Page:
Materials: Cuprates, Pnictides, Chalcogenides, Infinite-layer nickelates, Ruthenates, Heavy fermions, Hydrides, Conventional superconductors, etc.

Platforms: Bulk, interface, heterostructure, superlattice, Kagome lattice, Twisted bilayers, disorder, strain, non-equilibrium, etc.

Symmetry breakings: Translation, spatial rotation, spatial inversion, spatial Mirror, time-reversal, Ising, etc.

Tunability: Carrier density, electromagnetic fields, pressure, strain, pulse, non-equilibrium, non-recipricity, etc.

Superconducting phases: Conventional, unconventional, triplet, chiral, topological, pair density waves, non-equilibrium, etc.

Competing States: Strange metals, non-Fermi liquid, density waves, nematicity, Mott physics, vortices, topology, etc.

Theory: Pairing mechanism, Pairing symmetry, SYK, non-equilibrium superconductors, pair density waves, etc.

Spectroscpies:  ARPES, STM, Neutron, Raman, Ultrafast, THz, X-ray, etc.



Infinite layer nickelates


Hydrides and Conventional Superconductors

Twisted bilayer superconductors

Dilute Superconductors

Novel theory of superconductivity

Topological and Kagome superconductors

Strange metals and superconductivity

Models of superconductivity

Strain/Pressure-dependent Superconductors

Novel Spectroscopic techniques

Ultrafast spectroscopies

Broken inversion symmetry

Broken time-reversal symmetry

Disorder superconductors

Broken rotational symmetry

Pair density waves

Download the Program.

Download the Abstract book.

Invited Talks: 25+5 minutes

Invited Early Career Talks: 12+3 minutes

11 December 2022   18.00: Registration & Welcome Dinner at Main Guest House

12 December 2022 (Monday)

08.30 - 09.45


09.45 - 10.00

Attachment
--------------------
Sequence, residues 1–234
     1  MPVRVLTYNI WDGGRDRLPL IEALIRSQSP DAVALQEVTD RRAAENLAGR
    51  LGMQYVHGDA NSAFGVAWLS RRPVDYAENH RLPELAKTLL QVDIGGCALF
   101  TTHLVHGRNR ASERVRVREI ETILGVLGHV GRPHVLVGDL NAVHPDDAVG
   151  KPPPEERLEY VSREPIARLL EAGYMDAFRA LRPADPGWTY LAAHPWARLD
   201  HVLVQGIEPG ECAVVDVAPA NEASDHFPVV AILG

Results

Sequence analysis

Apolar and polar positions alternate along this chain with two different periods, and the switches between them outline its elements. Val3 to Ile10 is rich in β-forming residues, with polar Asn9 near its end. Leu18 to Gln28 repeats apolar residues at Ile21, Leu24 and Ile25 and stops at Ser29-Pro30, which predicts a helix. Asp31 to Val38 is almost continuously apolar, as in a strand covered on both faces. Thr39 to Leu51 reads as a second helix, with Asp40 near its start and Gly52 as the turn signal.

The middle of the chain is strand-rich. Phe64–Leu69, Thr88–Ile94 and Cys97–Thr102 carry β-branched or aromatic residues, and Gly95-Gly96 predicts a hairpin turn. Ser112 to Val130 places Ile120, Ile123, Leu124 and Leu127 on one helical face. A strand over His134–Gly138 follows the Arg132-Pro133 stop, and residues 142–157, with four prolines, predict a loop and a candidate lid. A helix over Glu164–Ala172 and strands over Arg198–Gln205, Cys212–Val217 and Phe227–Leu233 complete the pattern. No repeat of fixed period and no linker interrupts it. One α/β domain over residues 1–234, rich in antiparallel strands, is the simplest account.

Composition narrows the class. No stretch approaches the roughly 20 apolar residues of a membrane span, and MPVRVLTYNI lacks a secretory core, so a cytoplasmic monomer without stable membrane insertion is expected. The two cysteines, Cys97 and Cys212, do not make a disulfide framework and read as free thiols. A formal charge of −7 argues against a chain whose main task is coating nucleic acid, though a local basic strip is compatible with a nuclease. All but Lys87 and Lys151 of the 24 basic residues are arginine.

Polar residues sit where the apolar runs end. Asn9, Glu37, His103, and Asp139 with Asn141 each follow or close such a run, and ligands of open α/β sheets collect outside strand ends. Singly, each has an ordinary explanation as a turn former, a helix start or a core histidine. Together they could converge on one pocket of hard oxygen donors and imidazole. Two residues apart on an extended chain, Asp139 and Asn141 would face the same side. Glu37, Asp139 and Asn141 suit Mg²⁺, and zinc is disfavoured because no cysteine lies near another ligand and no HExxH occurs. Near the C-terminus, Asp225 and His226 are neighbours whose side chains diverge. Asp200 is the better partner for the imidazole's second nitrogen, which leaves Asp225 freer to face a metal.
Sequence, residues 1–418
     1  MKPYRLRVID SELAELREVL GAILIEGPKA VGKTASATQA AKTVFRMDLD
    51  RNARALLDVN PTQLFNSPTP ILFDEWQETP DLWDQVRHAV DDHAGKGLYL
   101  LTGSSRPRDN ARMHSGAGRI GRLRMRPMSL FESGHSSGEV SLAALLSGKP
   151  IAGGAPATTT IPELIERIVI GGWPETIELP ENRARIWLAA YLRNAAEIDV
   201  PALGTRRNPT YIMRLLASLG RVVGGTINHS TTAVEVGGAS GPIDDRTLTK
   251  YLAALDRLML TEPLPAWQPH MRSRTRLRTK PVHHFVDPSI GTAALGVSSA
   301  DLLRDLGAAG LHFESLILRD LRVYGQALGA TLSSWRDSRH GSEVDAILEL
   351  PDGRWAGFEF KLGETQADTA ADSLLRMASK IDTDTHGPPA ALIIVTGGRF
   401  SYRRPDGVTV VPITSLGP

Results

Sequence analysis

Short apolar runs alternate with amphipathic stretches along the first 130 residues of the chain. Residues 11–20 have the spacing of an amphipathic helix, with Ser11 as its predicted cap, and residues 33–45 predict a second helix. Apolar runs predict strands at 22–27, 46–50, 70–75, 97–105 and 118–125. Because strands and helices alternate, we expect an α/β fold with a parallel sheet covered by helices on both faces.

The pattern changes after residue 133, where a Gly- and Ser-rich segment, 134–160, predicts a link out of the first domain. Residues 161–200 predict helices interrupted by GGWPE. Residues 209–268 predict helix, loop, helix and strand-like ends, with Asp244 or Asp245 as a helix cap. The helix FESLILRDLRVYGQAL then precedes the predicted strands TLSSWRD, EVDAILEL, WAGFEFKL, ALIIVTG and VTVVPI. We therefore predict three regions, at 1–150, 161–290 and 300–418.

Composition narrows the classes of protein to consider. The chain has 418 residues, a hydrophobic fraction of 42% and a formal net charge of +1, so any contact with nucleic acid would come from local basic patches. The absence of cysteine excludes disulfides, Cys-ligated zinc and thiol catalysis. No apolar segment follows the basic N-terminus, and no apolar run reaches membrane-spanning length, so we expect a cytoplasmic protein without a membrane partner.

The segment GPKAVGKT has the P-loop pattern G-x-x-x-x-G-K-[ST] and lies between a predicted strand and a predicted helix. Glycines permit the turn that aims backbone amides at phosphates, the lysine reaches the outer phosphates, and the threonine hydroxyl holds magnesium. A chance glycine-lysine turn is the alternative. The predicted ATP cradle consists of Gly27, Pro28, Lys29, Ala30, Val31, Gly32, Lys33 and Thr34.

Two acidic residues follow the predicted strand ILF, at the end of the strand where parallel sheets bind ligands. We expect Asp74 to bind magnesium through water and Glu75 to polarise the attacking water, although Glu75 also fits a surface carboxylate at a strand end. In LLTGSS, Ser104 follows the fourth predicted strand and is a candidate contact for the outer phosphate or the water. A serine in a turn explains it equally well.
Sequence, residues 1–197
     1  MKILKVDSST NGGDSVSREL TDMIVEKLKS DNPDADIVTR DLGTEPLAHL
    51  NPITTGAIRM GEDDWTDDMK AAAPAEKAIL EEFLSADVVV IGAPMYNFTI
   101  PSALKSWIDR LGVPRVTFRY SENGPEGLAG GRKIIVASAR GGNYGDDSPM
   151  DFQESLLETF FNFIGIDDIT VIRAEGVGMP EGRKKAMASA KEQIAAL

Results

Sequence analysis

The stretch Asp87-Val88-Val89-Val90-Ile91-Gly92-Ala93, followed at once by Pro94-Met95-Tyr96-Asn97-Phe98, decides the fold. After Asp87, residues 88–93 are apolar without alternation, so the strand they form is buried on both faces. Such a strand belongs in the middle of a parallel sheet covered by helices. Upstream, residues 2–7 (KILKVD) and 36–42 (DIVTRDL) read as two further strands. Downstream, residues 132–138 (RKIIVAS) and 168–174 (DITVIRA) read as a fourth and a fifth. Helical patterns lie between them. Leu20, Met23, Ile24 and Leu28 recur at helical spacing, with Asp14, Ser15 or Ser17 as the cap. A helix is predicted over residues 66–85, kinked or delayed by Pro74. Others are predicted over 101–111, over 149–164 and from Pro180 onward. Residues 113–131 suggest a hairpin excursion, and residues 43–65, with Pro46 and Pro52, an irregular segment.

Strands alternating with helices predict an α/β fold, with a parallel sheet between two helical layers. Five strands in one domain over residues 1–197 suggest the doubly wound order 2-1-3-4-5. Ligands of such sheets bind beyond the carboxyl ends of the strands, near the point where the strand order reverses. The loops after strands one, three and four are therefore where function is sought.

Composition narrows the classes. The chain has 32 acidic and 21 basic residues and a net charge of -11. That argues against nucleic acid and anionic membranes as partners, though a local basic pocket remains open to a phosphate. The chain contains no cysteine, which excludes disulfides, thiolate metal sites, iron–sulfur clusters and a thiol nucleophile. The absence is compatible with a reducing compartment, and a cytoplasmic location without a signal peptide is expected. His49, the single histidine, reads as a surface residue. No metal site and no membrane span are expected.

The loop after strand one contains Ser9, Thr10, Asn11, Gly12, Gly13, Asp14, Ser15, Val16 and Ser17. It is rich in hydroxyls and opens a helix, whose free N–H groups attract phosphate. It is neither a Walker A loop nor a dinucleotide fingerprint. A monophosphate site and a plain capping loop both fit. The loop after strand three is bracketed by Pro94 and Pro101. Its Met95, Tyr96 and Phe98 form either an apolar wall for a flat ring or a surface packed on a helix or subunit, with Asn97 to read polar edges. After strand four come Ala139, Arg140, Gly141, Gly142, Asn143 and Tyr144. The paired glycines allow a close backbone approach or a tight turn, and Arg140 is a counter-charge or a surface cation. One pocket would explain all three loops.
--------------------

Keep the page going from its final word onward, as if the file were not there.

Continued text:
Session I A:  Cuprates

Moderator: Arun Bansil, Northeastern University, Boston

10.00 - 10.30



University of Tokyo, Japan, and National Tsing Hua University, Taiwan

Spectroscopic manifestations of electron fractionalization in the pseudogap state of cuprates 

The origin of the pseudogap in cuprates has been debated for decades, but still remains enigmatic. In this talk, we demonstrate that the concept of electron fractionalization based on Mott physics explains recent spectroscopic data related to the pseudogap. ARPES studies have shown that, upon electron doping, the upper Hubbard band (UHB) is fractionalized into an UHB and an in-gap band (IGB) with a pseudogap in between [1]. Upon hole doping, the lower Hubbard band (LHB) is fractionalized into a LHB and an IGB with a pseudogap in between. Excitonic excitation across the LHB and IGB using RIXS exhibits a temperature dependence characteristic of the pseudogap origninating from electron fractionalization [2]. [1] M. Horio et al., arXiv:1801.04247; [2] A. Singh et al., arXiv:2207.12352.

10.30 - 11.00

Mark S. Golden

University of Amsterdam, The Netherlands

Momentum dependent scaling exponents of cuprate strange-metal self energies: ARPES meets semi-holography